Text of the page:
Want to spend an hour in a cramped compartment as a sweaty, misogynistic boor rants at you? No, they’re not hiring at The Rush Limbaugh Show; the gentlemen in question is Pozdynyshev, a smugly cynical Muscovite who regales his railway companions (us) with the sordid, downward course of his marriage. Based on a sensational yet moralizing 1889 novella by Tolstoy, The Kreutzer Sonata comes to La MaMa by way of London’s intimate Gate Theatre, a monologue with music that makes for a diverting tour through the male mind riven by lust, disgust and guilt.
Thin-lipped, beady-eyed and suavely contemptuous, Hilton McRae is our somewhat-reliable narrator, a blowhard with a weakness for gender essentialism: “All women want a mate.” “Women understand money.” “Women always prefer eggs sunny-side up.” (I made that last one up.) Pozdynyshev fashions himself an expert on the ladies—having bedded scads of them before meeting the pretty young virgin (Sophie Scott) he married, impregnated five times and quickly grew to loathe. When his piano-playing wife shows interest in partnering with Pozdynyshev’s violinist friend, Trukhachevski (Tobias Beer), our puritanical satyr finds himself both wracked with homicidal jealousy and confirmed in his low opinion of humanity. Music, to him, is metaphor and prelude for carnal, unlawful debasement.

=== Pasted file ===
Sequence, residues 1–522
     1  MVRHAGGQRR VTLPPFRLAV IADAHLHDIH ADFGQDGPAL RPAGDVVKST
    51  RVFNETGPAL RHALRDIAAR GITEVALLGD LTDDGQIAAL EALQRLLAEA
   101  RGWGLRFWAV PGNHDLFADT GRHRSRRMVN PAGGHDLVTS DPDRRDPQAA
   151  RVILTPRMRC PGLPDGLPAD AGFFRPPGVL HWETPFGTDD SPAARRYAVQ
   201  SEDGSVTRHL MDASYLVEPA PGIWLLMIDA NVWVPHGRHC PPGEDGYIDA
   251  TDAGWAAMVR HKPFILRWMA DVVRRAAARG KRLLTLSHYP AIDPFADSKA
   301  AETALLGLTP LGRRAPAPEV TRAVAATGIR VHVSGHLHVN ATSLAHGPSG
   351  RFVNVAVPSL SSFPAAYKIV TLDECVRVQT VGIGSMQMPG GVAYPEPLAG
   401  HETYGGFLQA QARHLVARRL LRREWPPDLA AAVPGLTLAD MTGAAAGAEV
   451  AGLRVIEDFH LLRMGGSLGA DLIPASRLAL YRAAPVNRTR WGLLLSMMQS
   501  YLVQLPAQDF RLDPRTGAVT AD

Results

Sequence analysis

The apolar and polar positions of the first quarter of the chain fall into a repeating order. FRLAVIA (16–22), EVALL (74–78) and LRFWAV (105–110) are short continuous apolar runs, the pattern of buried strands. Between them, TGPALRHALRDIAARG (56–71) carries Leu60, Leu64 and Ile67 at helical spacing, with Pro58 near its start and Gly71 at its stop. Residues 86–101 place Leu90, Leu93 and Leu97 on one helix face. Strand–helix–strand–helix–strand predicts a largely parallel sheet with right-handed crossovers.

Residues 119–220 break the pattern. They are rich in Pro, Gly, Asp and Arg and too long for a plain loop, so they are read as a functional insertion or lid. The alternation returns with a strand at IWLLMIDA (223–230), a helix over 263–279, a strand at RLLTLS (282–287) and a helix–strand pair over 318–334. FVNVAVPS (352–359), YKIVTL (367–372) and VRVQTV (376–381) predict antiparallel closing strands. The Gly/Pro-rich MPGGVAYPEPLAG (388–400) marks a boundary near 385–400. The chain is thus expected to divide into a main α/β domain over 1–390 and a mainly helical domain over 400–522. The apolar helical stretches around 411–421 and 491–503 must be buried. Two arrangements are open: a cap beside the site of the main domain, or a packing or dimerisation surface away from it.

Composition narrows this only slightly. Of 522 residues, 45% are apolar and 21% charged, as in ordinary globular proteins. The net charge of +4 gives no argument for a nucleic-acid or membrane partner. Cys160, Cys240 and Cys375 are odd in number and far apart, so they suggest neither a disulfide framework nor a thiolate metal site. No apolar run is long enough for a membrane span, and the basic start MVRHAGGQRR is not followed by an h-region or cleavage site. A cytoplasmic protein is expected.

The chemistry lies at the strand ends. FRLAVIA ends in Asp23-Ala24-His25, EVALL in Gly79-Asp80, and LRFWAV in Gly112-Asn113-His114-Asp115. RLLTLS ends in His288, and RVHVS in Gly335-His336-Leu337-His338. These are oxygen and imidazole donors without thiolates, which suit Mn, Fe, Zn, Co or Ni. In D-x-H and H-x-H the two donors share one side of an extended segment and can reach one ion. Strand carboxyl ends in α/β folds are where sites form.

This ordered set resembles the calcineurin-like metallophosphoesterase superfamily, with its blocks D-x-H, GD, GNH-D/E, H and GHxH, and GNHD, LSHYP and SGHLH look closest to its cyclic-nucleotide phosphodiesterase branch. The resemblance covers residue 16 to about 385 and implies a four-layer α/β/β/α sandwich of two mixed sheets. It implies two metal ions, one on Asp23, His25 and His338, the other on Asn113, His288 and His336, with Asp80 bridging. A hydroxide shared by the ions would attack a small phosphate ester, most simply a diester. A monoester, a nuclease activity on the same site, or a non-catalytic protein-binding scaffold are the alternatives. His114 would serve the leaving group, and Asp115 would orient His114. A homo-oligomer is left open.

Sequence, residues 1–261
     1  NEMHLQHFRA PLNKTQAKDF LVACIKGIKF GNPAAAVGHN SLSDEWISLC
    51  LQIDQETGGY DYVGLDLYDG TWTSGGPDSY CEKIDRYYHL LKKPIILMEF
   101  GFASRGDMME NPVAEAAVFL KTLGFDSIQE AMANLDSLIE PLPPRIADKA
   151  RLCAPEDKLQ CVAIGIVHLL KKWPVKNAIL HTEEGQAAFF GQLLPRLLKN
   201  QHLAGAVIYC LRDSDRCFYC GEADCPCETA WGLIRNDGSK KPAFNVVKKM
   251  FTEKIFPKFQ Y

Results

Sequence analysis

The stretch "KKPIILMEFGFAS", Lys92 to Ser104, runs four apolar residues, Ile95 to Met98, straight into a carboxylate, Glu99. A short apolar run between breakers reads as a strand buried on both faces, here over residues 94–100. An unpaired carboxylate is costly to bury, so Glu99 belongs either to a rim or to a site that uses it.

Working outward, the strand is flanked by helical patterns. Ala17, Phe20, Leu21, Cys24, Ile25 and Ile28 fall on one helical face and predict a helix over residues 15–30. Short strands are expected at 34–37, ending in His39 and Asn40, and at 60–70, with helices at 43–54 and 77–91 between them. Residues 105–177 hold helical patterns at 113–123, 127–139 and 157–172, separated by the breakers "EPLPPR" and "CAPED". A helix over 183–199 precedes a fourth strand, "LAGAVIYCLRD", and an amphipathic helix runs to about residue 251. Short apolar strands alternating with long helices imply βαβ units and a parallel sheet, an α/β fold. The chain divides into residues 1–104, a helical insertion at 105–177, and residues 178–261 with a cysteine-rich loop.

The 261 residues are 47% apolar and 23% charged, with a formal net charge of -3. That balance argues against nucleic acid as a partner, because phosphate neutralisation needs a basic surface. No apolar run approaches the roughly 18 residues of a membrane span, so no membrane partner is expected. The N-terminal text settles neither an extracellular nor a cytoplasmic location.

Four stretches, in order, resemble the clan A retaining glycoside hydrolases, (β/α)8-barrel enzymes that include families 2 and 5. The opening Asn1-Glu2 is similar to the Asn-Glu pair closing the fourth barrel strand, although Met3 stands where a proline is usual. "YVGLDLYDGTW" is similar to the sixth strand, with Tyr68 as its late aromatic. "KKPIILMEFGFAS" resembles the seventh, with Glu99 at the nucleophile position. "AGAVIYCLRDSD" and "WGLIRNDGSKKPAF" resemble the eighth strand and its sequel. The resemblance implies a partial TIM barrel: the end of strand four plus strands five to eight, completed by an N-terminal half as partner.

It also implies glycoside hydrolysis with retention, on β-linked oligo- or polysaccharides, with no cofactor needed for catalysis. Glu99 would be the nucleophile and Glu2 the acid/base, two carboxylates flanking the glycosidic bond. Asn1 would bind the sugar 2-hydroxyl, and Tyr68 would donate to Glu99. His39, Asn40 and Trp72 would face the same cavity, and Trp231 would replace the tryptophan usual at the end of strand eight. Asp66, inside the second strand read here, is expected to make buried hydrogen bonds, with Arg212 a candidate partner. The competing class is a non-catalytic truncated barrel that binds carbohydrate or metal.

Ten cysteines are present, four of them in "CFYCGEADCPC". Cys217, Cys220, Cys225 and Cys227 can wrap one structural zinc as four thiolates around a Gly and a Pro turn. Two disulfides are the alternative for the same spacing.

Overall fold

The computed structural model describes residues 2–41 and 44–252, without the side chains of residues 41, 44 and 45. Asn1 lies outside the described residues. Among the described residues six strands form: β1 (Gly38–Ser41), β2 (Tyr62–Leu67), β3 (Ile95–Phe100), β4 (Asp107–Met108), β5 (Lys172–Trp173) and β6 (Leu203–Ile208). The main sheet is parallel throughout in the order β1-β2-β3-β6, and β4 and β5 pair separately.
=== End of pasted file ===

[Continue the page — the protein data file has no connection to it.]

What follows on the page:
This stew of Dostoyevskian angst and Tolstoyan preachiness—tautly scripted by Nancy Harris and staged with multimedia accents by Natalie Abrahami—doesn’t exactly rock you with surprises. Early foreshadowing makes it clear that the affair will end in blood and tears. And Tolstoy was not the most coherent proponent of moral philosophy. But McRae is amusingly arch, so this garrulous fellow traveler doesn’t grow too tedious.—David Cote